Julio Cortez/Associated Press
Said extra bounce will have stemmed from the Dodgers’ resounding 10-4 win in Game 3 on Sunday. They now have a 2-1 series lead and a chance to punch their ticket to the National League Championship Series with a win at Nationals Park on Monday night.
The key inning for the Dodgers was the top of the sixth. The Nats brought in ace left-hander Patrick Corbin to preserve a 2-1 lead, but he wound up on the wrong end of a seven-run rally capped by Justin Turner’s booming three-run home run off Wander Suero:
Major League Baseball’s Statcast system doesn’t yet measure the level of frustration in the air at any given moment, yet the Dodgers were clearly expunging plenty of the stuff on Sunday.
Though they mustered eight runs in the first two games of the NLDS at Dodger Stadium, they did so with just a .190 collective batting average. They then found themselves stymied at the hands of veteran right-hander Anibal Sanchez at the outset of Game 3. He struck out nine over five one-run innings.
But as surprises go, the Dodgers’ seven-run outburst is one anybody could have seen coming.
The 106 wins they racked up in the regular season had much to do with a pitching staff that posted a league-best 3.37 ERA, but the Dodgers’ lineup was hardly an assemblage of dunces. They led the National League with an average of 5.5 runs per game. To boot, their 279 home runs shattered the previous NL single-season record.
“You don’t plan for seven-run innings but after the first five tonight, to see us kind of get back to what we do best was really good to see,” Dodgers manager Dave Roberts said, per MLB.com’s Ken Gurnick.
The early silence of the Dodgers’ offense in this series was perhaps a case of the Nationals merely delaying the inevitable. With elimination staring them in the face, they must now try to renew the cycle and hope it lasts through a possible Game 5 at Dodger Stadium on Wednesday.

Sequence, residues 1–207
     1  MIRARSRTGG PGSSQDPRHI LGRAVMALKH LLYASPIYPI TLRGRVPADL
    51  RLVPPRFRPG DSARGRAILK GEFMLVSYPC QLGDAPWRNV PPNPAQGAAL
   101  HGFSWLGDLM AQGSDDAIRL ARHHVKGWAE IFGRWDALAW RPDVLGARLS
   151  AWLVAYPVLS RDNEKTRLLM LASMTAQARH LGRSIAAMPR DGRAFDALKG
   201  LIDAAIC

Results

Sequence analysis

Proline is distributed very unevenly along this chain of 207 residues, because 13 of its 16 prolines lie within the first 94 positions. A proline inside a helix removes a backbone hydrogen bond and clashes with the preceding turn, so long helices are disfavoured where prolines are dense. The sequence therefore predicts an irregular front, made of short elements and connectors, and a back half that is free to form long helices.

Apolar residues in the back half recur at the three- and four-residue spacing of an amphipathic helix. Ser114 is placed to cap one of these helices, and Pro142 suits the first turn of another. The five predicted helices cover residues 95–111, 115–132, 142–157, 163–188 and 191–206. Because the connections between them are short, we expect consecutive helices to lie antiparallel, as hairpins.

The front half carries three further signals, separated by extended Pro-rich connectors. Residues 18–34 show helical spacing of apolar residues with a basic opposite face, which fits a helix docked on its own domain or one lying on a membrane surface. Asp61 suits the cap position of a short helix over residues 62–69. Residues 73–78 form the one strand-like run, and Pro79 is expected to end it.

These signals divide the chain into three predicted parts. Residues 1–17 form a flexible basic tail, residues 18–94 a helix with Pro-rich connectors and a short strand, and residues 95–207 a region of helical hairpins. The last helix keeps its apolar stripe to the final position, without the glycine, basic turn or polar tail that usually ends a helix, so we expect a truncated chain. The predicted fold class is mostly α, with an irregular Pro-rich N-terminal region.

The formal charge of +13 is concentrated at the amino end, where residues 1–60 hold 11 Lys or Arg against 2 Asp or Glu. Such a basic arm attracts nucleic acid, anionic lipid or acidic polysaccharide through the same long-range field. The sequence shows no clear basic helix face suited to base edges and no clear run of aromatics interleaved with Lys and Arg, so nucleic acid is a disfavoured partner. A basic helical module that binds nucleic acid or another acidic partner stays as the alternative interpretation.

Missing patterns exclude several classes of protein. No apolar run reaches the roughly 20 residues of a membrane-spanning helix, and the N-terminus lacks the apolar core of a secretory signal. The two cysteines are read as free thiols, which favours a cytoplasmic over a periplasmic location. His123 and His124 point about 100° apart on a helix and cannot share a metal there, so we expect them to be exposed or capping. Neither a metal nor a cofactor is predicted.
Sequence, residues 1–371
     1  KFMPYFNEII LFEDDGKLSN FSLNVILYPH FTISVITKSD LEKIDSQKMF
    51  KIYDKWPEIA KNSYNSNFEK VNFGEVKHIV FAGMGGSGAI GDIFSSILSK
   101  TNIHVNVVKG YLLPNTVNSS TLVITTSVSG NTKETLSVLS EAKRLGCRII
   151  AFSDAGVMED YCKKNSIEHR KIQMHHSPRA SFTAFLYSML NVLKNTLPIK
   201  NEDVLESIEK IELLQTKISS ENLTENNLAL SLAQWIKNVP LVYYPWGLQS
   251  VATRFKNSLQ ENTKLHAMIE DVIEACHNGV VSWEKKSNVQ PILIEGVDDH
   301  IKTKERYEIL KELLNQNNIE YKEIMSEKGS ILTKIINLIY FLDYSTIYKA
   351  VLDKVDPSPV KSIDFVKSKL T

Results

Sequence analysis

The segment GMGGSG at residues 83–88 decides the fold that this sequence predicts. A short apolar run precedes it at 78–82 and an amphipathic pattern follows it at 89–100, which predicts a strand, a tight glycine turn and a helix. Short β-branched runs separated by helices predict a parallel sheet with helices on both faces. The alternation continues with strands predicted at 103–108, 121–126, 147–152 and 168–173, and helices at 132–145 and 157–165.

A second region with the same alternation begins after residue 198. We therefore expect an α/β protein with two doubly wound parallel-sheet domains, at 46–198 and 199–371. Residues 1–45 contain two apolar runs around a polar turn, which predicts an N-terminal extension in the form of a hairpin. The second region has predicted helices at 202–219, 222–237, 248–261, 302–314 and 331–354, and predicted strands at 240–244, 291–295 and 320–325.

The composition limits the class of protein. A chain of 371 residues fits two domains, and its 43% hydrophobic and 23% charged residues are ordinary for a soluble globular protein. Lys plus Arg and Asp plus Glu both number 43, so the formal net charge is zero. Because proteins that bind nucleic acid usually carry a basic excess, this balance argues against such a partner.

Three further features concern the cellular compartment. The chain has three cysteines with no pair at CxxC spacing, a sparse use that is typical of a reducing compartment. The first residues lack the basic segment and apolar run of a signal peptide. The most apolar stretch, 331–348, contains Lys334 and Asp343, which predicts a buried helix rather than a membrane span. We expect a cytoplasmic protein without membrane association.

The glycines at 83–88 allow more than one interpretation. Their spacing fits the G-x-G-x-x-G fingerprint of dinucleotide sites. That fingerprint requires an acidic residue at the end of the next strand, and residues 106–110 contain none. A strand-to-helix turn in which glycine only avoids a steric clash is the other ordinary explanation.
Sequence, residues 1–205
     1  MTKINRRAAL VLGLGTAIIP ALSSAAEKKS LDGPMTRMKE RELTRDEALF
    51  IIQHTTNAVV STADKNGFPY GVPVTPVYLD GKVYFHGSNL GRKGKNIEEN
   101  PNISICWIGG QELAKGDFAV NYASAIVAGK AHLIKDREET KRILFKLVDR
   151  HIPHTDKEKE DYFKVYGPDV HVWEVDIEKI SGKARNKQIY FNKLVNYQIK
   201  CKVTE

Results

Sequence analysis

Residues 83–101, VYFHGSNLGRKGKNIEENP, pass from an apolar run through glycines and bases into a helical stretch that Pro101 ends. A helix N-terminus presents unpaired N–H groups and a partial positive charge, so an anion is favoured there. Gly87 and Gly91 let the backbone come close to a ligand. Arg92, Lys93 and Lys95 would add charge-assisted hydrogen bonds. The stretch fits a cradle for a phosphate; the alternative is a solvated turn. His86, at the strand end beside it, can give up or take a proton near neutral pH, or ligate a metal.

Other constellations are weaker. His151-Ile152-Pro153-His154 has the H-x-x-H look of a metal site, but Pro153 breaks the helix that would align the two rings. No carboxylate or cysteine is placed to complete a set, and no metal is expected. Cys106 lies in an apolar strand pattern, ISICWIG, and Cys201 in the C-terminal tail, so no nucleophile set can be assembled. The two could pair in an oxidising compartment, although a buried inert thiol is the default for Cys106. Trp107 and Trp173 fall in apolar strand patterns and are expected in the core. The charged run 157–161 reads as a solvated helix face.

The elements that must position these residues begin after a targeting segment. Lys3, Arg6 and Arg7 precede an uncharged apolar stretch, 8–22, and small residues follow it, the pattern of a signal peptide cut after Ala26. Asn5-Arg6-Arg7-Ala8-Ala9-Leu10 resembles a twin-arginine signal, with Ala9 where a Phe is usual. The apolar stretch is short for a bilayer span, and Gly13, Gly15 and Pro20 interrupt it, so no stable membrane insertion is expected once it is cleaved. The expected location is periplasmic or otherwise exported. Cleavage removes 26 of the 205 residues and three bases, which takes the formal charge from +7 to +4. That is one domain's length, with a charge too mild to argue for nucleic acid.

To this end, at least they’ll have the right guy on the mound in Game 4.
Patrick Semansky/Associated Press
In Scherzer, the Nationals will be trusting their survival to a hurler who’s made seven All-Star teams and won three Cy Young Awards since 2013. Even during a “down” season in 2019, he still mustered a 2.92 ERA with 243 strikeouts in 172.1 innings.
The 35-year-old almost certainly would have done more if he hadn’t missed a chunk of the second half with a bad back. But if he’s feeling any ill effects from that now, it’s hard to tell from his fastball velocity. His ol’ No. 1 has averaged 97.2 mph in his two playoff appearances.
The second of those came in relief of fellow ace right-hander Stephen Strasburg in the Nats’ 4-2 win over the Dodgers in Game 2. Though Scherzer only pitched one inning, he needed just 14 pitches to strike out the side in the eighth inning.
“For me, you bring it whenever you’re told to bring it,” he said afterward, according to Jamal Collier of MLB.com. “This is the playoffs. You lay it on the line every single time you touch that field. Whenever I get the ball next, I get the ball. And you just lay it on the line.”
If Scherzer is on top of his game Monday, there will be more indications than just how fast he’s throwing. In addition to his fastball, he’d also have his slider, changeup, curveball and cutter working in harmony for a veritable symphony of nastiness.
However, it’s notable that Scherzer wasn’t able to conduct such a symphony the last time he started.
That was when he drew the assignment for the NL Wild Card Game against the Milwaukee Brewers at Nationals Park on Tuesday, Oct. 1. Scherzer was working in the high 90s with his heater, yet his slider was notably missing in action to the tune of one swing and miss out of 11 total offerings.
If Scherzer’s slider—or any one of his other key secondaries—betrays him again on Monday, Dodgers hitters may be even more comfortable sitting on his fastball than Brewers hitters were last week. Beyond being a good fastball-hitting team in general, Los Angeles excels at hitting fastballs north of 95 mph:
Data courtesy of BaseballSavant.MLB.com
Scherzer will also be burdened by the ghosts of postseasons past on Monday. His personal October history is best described as hit or miss. And while the Nationals finally won a big one when they dispatched the Brewers, the organization still has yet to win an actual postseason series.
If Scherzer is nonetheless able to bear these burdens—perhaps with an assist from Strasburg in the later innings—the Nationals’ path to Game 5 may well be as good as paved. After all, the Dodgers are countering with veteran lefty Rich Hill, who hasn’t recorded more than nine outs in a game since June 14.
Game 4 of the Dodgers-Nationals NLDS is therefore shaping up to be a classic unstoppable force vs. immovable object scenario. The Dodgers will either hit their way to the NLCS, or they’ll meet their match in the shape of Scherzer.